Chris Margolin

Mirror Rather Than Spectator: Perspective on Teaching and Life

“Confessions of an Educator” columnist Chris Margolin reflects on the man in the mirror and asks: are you being true to yourself and those around you? 


When I was a little kid, I used to bring home dead birds or injured birds and try my best to fix them or bring them back to life. Eventually, these dead or injured birds turned into the friends I chose or the girlfriends I chose. I didn’t seek them out, but rather turned to them. I was a collector of things, broken and winged, but I loved them anyway.

I am relationship-first. I want to make sure everyone can find their best self and understand that there is always a light at the end of the tunnel—however subtle it may be. As a teacher, I wanted students to believe that what they were doing mattered to them and made a difference in their lives. I implored them to see each character they read as a reflection of themselves, because we are not spectators when we read. Each character or person we meet is a piece of us, in some portion of our lives, and we can learn about our world through theirs. I wanted them to learn about themselves; but frankly, I never took the time to learn about myself.

I’m really good at analyzing my own issues, but it’s as a spectator and not always as a participant. I don’t pay attention to the ills I need to change about my approach to situations—in the classroom, in the office, and in life. This needs to change. I look back on my final few years in the classroom and I realize more and more that, while I felt like a successful teacher and my students (even those who weren’t always on their A game or their D game) were seemingly successful as well, I didn’t pay attention to my own feelings and got lost in this sort of rote memory existence. It wasn’t fair to my students, much like it wasn’t fair to anyone else.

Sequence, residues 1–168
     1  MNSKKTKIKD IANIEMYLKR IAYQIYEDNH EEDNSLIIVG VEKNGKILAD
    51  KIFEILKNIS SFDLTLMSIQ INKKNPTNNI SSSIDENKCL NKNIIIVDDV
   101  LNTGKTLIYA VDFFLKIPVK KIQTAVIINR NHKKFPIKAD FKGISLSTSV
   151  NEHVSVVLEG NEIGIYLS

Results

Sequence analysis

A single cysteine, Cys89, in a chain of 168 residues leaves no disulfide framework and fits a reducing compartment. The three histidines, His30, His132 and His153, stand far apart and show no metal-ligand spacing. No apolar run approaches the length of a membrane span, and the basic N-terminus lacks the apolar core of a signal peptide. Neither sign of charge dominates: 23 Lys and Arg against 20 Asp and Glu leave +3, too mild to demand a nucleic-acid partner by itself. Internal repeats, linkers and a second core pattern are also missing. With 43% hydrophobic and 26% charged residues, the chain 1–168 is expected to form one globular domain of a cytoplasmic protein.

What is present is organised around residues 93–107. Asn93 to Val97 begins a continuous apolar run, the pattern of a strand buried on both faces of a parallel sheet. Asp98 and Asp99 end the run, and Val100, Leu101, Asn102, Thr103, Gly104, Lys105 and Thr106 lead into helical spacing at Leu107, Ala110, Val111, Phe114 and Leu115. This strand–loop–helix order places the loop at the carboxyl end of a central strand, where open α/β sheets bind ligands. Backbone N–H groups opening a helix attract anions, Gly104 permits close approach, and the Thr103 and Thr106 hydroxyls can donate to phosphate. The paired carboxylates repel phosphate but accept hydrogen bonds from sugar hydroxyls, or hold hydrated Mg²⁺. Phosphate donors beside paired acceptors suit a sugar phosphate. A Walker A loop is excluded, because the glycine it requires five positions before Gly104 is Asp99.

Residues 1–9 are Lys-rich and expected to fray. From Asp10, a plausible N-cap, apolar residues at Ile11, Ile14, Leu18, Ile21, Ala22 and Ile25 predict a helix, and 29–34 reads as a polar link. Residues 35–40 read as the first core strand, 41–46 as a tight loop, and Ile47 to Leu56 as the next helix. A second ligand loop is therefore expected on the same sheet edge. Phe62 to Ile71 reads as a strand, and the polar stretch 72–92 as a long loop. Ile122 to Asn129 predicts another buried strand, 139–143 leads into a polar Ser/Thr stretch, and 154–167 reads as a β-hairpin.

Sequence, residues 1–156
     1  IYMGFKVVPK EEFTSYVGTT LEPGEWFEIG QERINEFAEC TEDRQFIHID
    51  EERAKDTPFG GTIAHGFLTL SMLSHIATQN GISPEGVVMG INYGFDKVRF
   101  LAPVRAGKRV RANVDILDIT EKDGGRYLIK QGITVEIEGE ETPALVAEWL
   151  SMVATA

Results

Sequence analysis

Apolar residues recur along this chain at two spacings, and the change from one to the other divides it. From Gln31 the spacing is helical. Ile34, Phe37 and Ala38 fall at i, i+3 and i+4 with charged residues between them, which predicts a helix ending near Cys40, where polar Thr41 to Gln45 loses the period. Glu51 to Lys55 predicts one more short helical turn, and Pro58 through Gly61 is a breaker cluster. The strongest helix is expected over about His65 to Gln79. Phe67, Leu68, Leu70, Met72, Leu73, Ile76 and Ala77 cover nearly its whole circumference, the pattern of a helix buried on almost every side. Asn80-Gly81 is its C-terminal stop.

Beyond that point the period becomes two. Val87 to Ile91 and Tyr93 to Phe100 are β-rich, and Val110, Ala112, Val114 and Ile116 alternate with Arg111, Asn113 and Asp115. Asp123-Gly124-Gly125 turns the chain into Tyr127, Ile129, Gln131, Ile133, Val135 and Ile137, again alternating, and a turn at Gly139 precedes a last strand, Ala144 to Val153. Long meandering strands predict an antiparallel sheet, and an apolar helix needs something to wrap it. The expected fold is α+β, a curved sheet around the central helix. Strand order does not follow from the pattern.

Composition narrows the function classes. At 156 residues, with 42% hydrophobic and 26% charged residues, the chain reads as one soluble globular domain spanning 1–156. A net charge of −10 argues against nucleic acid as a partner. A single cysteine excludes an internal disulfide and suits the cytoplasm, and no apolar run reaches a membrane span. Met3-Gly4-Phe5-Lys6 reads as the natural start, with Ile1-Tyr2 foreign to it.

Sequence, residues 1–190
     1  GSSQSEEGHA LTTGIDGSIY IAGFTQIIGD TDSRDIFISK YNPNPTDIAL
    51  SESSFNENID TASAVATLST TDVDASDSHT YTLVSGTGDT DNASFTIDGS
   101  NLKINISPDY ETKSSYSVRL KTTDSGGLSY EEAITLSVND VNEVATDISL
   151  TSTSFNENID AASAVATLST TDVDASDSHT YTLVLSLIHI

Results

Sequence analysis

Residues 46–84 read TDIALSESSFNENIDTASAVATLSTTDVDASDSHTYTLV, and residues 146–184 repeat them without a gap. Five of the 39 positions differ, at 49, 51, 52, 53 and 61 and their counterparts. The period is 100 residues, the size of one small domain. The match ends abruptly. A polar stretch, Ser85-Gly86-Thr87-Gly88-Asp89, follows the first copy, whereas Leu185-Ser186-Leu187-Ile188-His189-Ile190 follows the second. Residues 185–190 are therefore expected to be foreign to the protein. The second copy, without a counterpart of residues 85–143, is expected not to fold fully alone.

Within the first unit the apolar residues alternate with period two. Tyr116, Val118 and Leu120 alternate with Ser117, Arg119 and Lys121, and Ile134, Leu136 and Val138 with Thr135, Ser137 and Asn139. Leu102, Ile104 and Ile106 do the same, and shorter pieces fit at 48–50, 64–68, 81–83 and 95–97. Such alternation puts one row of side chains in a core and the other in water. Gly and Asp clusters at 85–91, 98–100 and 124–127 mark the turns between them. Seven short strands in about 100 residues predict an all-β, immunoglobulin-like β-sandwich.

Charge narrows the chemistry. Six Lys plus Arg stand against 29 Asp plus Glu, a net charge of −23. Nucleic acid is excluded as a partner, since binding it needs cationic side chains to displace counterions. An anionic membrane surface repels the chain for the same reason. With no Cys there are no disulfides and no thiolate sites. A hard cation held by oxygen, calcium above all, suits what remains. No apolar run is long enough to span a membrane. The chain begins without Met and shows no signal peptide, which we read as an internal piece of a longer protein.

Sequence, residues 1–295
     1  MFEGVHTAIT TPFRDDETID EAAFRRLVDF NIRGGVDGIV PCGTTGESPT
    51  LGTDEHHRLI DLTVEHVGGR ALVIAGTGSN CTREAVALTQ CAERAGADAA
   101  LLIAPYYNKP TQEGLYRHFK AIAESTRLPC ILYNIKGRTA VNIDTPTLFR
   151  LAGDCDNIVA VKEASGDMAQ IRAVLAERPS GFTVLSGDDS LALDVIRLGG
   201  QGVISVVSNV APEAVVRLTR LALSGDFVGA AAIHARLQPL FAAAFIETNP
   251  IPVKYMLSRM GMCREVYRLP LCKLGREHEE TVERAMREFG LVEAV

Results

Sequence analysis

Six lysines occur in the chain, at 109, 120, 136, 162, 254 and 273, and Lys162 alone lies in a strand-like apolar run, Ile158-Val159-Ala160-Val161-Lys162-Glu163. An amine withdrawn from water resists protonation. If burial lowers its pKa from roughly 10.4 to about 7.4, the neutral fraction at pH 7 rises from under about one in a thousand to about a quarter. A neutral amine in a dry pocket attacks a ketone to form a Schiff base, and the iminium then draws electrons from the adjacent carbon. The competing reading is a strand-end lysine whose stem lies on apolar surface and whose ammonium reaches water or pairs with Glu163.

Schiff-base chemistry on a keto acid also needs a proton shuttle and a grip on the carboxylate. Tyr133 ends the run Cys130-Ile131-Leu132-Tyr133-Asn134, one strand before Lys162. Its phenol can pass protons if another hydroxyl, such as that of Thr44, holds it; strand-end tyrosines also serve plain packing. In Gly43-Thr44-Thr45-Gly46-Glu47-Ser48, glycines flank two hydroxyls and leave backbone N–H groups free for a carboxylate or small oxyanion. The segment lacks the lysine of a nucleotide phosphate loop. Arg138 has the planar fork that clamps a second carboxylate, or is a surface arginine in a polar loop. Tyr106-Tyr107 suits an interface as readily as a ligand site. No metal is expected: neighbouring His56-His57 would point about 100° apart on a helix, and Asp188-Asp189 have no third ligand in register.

In my final year as a Creative Writing teacher, a student I truly respected told me, “You’ve done a disservice to the students in the class, because it’s obvious your heart isn’t in it.” It was the wake-up call I needed and I was able to efficiently hand the reins over to a teacher who was as excited as I was when I first took over the program, and I began my transition out of the classroom. I had just reached a point where, to me, the work was getting done and the students were excited about it and most of them were feeling better about themselves, but I hadn’t paid any attention to myself. And because of that, I didn’t notice how unhappy I’d been in my role in the classroom as well as outside of the classroom.

What I can’t do, however, is make any excuses for it. I had cheated myself, my students, and others in my life out of the person and the teacher I was when I first started this crazy journey. I used to think of certain students and people as part of a Dead Bird Collection who needed to be fixed. I realize now that I’m the Dead Bird. Others don’t need to be fixed; they just need to be treated as people. And some of those people should never question your level of love and respect. But it’s hard to truly love and respect people, if you can’t always find it in yourself.

While it is way easier said than done, take a moment, breathe, understand who you are versus who you want to be and pay attention to how you treat those around you—students, colleagues, friends, family, and the person you see in the mirror.




Chris Margolin

Chris Margolin spent more than a decade in Education as a high school English teacher, and is now an Instructional Coach for the Longview School District. He is the founder of The Poetry Question, an online journal which focuses on reviews of small press poetry publications, and runs a regular series called "The Power of Poetry," where notable poets share their personal stories of how poetry has affected their lives. Margolin resides in Vancouver, Washington with his wife, and daughter. 

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